It's a first. And not a pleasant first. About three hours ago I got an email from someone I've never met, but who I've communicated with via email about topics on one of my blogs.
He said he's decided to kill himself. He told me that he wasn't sure why he was writing me, but he wanted to thank me for sharing his ideas and participating in some interesting discussions.
Early on in our correspondence this person told me that he has a genetic condition that leaves him in constant pain. He told me that his illness is getting worse, the suffering is unendurable, and he doesn't see any point in living any longer.
My initial reaction was, I've got to do something.
Then I realized, there was nothing I could do. All I had was this person's initials, and an email address. There was no way for me to know how to reach anyone where he lives.
And a few moments later, after some reflection, I realized There's nothing I want to do.
This person is highly intelligent and self-aware. He has struggled to find meaning in what seems to him to be a meaningless world. He has endured more pain than most people could put up with. If he wants to kill himself, he has some very good reasons.
All that I did was reply to his email, briefly.
With tears in my eyes. I told him that I was the one who should be thankful, because I'd been inspired both by his courage and his wise way of looking upon the world. I said that I cared deeply about him, and knew that others did also.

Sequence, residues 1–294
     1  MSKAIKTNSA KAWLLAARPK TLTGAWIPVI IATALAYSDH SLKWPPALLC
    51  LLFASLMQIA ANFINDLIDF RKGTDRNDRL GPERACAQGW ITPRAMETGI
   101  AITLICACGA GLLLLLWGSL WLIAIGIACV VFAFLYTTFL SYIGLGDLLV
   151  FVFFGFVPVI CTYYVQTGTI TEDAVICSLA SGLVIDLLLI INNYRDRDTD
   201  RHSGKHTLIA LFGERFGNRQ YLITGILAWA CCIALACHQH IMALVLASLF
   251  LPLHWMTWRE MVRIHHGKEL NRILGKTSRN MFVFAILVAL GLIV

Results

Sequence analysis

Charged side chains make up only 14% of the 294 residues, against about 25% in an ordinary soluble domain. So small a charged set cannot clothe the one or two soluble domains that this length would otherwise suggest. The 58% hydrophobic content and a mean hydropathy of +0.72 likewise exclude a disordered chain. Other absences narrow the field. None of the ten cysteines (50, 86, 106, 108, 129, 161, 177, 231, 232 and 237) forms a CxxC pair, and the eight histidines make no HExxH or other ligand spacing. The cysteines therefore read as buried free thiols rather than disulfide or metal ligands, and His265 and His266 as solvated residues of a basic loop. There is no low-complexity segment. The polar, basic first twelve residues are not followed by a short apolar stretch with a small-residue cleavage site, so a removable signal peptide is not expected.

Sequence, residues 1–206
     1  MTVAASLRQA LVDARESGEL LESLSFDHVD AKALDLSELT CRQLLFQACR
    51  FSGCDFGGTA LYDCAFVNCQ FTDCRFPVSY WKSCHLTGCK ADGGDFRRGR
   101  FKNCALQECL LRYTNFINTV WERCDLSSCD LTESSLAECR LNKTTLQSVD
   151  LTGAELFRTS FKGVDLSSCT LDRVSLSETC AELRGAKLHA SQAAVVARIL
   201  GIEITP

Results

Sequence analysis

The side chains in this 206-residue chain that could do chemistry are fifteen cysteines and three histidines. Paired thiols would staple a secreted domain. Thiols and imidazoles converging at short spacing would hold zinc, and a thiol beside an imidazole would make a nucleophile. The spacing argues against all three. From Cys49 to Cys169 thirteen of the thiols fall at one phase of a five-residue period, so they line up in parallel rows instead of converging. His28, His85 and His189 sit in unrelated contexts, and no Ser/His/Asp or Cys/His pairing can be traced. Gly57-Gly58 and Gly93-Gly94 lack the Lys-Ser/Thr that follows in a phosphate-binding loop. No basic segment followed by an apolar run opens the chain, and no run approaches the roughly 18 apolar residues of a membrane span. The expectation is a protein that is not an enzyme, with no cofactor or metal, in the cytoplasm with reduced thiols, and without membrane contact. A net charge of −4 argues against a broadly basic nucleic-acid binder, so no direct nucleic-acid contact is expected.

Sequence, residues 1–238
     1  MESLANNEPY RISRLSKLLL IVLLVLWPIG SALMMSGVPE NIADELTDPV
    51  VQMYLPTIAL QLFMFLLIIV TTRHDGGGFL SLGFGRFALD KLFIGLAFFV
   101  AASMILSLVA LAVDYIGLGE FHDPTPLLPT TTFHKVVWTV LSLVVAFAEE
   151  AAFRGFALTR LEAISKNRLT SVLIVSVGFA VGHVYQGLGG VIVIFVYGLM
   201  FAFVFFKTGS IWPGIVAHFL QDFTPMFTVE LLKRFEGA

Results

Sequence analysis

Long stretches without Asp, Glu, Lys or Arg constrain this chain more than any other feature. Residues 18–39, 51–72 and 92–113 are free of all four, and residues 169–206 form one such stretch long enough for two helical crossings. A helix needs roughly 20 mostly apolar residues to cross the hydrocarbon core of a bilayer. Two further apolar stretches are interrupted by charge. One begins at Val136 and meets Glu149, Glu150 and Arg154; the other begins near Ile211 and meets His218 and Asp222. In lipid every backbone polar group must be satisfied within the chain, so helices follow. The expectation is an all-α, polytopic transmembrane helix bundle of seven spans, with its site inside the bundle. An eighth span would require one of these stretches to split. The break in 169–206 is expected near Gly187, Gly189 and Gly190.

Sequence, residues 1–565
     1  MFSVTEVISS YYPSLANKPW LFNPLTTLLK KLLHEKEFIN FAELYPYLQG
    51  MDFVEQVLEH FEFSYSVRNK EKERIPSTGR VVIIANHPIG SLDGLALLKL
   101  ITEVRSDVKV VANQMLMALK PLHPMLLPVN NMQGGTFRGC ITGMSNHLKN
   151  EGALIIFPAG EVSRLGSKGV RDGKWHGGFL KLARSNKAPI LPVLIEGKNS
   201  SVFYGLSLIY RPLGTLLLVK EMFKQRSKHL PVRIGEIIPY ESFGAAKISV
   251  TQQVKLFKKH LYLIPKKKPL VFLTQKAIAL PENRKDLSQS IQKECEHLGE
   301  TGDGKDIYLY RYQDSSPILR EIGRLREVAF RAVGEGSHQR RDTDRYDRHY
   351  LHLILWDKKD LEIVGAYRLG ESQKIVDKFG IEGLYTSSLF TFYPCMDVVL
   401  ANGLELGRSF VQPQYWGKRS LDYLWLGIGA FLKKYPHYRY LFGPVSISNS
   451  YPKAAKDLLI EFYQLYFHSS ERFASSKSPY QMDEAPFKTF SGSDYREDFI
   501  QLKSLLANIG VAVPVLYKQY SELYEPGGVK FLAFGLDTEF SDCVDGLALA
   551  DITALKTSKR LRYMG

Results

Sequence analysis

What I didn't do was try to talk him out of killing himself.
Sometimes suicide is the only way out of impossibly bad suffering. I believe in assisted suicide at the end of life. I also believe people have a right to take their own life when all other avenues of relieving suffering are closed off to them.
That said, I want to speak to others for whom this doesn't apply -- those who are feeling really crappy right now, with the holidays upon us and talk of "good cheer" permeating the airwaves and conversations.
If you feel that life isn't worth living, that suicide is the only option, talk to someone. Anyone.
But preferably someone with a mental health background. Don't make the mistake of diving into the deep pool of suicide before you are absolutely sure there's no way to move into the shallows of suffering.
The person I heard from today is a special case, someone in intractable pain. Most people have some hope, even if life seems hopeless at the moment.